Notes to broadcasters on fertilizer subsidies:

    | September 28, 2009

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    As we saw in this week’s news story, Malawi’s dramatically improved food security situation has inspired several other African nations to consider fertilizer subsidy programs. Individual subsidy programs have been criticized on many fronts. There have been charges that corruption and political favoritism have prevented all farmers from benefiting. (We will look at some of the failings of fertilizer subsidy systems in a follow-up article in next week’s FRW.) However, these subsidy programs are also gaining much attention for the positive results they produce. And, in most cases, small-scale farmers welcome them with open arms.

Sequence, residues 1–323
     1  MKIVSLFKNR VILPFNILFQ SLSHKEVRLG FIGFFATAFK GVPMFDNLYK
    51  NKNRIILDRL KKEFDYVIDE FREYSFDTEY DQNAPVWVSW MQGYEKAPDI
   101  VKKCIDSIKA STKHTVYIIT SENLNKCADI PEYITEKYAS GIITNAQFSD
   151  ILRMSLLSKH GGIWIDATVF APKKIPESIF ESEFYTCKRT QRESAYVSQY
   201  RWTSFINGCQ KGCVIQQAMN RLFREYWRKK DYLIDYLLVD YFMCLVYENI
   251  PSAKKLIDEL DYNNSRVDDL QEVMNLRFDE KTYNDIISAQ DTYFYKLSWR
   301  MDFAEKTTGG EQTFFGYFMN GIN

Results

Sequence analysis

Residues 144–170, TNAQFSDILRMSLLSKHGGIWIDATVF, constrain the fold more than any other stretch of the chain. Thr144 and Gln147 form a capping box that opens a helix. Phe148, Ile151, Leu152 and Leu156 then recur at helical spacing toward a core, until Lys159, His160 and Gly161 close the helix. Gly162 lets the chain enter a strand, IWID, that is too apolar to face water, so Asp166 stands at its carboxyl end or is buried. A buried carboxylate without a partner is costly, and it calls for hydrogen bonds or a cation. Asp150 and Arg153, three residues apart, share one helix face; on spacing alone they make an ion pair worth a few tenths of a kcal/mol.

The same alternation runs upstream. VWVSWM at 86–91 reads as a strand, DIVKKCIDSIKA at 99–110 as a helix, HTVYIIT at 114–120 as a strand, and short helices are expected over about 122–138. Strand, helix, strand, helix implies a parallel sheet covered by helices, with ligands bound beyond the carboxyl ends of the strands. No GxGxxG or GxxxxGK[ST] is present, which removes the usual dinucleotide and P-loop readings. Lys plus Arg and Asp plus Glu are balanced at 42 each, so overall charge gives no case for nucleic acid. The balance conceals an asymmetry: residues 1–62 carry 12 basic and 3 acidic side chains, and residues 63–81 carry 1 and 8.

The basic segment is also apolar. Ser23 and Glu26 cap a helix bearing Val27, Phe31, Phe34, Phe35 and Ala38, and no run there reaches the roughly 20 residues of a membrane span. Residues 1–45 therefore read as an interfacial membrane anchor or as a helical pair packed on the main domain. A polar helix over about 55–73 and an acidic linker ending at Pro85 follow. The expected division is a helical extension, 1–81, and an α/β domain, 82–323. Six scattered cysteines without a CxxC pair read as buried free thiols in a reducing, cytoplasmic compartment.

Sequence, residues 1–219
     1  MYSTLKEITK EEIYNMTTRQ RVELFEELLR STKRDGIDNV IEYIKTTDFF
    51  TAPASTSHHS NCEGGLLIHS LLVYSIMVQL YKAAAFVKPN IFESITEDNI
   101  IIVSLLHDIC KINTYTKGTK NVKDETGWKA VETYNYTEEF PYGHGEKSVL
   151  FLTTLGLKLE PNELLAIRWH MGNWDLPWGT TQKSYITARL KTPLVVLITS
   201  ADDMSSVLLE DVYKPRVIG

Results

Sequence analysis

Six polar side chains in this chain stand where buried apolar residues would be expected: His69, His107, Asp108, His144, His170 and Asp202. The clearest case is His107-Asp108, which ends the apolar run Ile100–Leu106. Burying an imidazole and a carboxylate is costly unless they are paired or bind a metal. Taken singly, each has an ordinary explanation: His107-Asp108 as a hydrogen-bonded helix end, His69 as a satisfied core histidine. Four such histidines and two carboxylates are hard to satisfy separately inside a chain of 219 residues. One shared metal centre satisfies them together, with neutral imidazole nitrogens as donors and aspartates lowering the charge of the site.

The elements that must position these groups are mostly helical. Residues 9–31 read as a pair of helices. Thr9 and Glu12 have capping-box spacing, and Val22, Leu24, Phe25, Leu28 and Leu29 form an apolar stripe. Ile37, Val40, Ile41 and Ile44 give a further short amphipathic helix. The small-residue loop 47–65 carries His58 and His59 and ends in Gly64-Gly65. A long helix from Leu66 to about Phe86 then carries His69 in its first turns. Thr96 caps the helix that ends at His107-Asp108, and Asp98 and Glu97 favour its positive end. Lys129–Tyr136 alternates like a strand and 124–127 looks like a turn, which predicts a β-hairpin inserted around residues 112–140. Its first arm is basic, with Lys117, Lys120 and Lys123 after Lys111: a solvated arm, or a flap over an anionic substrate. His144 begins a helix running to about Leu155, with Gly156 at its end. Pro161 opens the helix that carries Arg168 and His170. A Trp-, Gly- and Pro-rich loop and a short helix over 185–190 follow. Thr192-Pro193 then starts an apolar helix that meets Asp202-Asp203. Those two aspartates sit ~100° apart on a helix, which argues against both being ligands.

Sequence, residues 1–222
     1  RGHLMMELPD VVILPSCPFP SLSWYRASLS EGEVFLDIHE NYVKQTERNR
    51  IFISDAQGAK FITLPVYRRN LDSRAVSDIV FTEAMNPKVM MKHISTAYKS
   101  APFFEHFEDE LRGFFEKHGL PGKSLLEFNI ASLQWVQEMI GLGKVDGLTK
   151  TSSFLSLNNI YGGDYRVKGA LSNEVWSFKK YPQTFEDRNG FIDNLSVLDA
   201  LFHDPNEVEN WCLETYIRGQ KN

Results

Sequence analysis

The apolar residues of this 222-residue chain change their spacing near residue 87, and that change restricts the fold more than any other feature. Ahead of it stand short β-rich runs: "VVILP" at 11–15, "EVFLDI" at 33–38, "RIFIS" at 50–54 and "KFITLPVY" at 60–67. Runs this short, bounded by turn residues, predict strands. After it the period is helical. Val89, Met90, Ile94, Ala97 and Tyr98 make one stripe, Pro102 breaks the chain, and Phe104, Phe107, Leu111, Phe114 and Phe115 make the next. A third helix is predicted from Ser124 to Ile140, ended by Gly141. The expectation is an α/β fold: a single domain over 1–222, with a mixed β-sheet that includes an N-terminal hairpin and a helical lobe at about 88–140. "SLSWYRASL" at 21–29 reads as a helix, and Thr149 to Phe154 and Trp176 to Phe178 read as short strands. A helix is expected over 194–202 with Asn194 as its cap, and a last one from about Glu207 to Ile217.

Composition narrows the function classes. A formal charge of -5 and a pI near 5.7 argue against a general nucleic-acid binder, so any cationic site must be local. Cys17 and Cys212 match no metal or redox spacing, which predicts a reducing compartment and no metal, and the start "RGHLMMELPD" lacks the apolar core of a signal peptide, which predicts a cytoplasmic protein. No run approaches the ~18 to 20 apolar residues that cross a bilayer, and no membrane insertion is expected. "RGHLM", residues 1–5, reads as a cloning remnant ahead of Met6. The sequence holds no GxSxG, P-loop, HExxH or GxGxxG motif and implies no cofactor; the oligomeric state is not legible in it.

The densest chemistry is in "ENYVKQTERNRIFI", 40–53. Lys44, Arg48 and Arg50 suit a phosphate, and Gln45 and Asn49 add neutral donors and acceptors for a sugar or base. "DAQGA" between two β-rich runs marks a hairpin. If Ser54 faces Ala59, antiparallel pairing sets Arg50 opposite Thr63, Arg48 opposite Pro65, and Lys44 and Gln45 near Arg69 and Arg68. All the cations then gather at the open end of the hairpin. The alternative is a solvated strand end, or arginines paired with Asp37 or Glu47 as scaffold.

If your government operates a fertilizer subsidy program, you may wish to research a news story on the impact (if any) it has had on local farmers. Here are some questions to consider:

    -How does the subsidy program work? (For example, what is the mechanism used to allow farmers to purchase fertilizer at a subsidized rate?)
    -Who is eligible to receive the fertilizer subsidy? Are any farmers excluded from the program, either intentionally, for political reasons, or because some other problem impedes their access? Do men and women have equal access? Is subsidized fertilizer available to farmers without secure land tenure?
    -Was enough subsidized fertilizer available to meet the needs of local farmers?
    -Did access to subsidized fertilizer result in better yields for local farmers? What other factors affected yields this year?